Symtoms of urinary tract infection were not significantly affected by age, parity and mode of delivery. The prevalence of stress incontinence was similar in both age groups but urge and particularly mixed incontinence was more common in women over 45 years of age. Grand multiparous patients (parity >5) also reported a higher rate of mixed incontinence (31.2% compared with 11.6% in nulliparous patients and 13.5% for patients with 1-4 deliveries).
The univariate analysis of the three variables i.e. age, parity and mode of delivery showed that the parity was highly associated with stress urinary incontinence. Age was found as significantly associated with both urge and mixed urinary incontinence.
The results of multivariate analysis are shown in table 3 and it shows that parity was strongly associated with the prevalence of stress incontinence (F=10.48, p<0.001) and the fit of regression improved significantly when age was added to the model. However mode of delivery was not significant. The frequency of both urge incontinence and mixed incontinence was significantly related to age (F=20.57, p<0.001 and F=13.88, p<0.001). Multivariate analysis demonstrated that parity did not affect the prevalence of either urge or mixed incontinence. Again mode of delivery was not significantly associated with the presence of urge or mixed incontinence.
|Table 3. Multivariate associations between urinary incontinence and variable of interest. |
|Variable ||Stress incontinence ||Urge incontinence ||Mixed incontinence |
| ||F ||P ||F ||P ||F ||P |
|Age ||NS ||NS ||20.57 ||0.00001 ||13.88 ||0.00025 |
|Parity ||10.48 ||0.0014 ||NS ||NS ||NS ||NS |
|Mode of delivery ||NS ||NS ||NS ||NS ||NS ||NS |
Our study has demonstrated a high frequency of persistent lower urinary tract symptoms in women presenting with general gynaecological complaints.
Daytime urinary frequency was reported by almost a quarter of our respondents (23.7%) and troublesome nocturia by 39.8%. Culture confirmed urinary tract infection occurred in 17.2% of patients while almost twice this number (30.1%) complained of urgency and dysuria. Interestingly these results are similar to those in other populations5 although the lower life expectancy in Pakistan should mean less elderly patients were included in the study. This may be balanced by a slightly earlier age of menopause and the infrequent use of hormone replacement therapy which has a protective effect against infection and lower urinary tract dysfunction.6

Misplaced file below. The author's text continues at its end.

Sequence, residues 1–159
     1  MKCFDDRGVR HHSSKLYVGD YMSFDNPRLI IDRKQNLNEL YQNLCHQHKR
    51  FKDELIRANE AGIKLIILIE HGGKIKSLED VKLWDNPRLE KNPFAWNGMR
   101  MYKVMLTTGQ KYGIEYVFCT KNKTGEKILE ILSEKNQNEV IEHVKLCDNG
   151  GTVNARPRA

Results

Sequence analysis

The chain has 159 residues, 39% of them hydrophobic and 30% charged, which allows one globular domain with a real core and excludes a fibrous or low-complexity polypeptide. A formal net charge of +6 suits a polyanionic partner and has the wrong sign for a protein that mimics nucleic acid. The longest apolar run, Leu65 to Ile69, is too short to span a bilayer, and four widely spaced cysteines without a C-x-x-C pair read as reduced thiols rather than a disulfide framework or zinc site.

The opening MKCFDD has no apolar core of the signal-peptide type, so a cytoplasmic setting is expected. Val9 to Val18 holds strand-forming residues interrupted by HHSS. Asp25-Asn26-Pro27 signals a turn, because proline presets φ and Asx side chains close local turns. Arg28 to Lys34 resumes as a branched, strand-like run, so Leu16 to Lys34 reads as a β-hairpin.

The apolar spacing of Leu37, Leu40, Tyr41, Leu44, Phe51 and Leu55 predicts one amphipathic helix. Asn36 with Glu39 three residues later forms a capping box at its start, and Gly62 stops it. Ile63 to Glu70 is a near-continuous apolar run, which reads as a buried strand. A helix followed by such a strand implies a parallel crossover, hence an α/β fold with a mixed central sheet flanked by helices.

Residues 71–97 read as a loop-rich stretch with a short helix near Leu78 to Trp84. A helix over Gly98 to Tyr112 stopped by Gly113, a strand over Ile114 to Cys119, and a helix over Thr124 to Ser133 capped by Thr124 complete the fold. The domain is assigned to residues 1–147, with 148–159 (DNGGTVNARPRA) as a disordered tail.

Urinary incontinence was very common with 44.4% of patients reporting urine leakage more than twice a month. Of these, similar numbers reported stress incontinence (32/80) and mixed incontinence symptoms (30/80). Eighteen of the incontinent women complained of pure urge incontinence.
In common with several other studies, parity and to a lesser extent age, were significant variables in the prevalence of stress urinary incontinence.6-8 Women delivered only by Caesarean section had a similar rate of stress incontinence as women who had vaginal deliveries (23.3% and 18.5% respectively) suggesting that it is pregnancy rather than the mode of delivery which contributes to the development of stress incontinence.8 Urge and mixed incontinence were strongly associated with increasing age but not parity or mode of delivery. Again this is consistent with other studies in Western populations.10-12
Urinary incontinence was reported by 11/43 or 25.6% of our nulliparous patients. The rates of stress, urge and mixed incontinence were similar. Prevalence rates for incontinence among nulliparous patients in some other population surveys are lower than in our study. Foldspang et al11 reported a 9% prevalence rate and a French study2 found that only 6% of nulliparous patients experienced urinary incontinence. This may be explained by a higher rate of obesity and heavy lifting during household work in our population.
Our study demonstrated that urinary incontinence and other lower urinary tract symptoms are widespread in women attending our gynaecological clinics. It is also clear that women are reluctant to volunteer these symptoms whether through embarrassment or lack of appreciation of treatment possibilities. There is clearly a need for more specialized units to increase our awareness, knowledge and training in this area.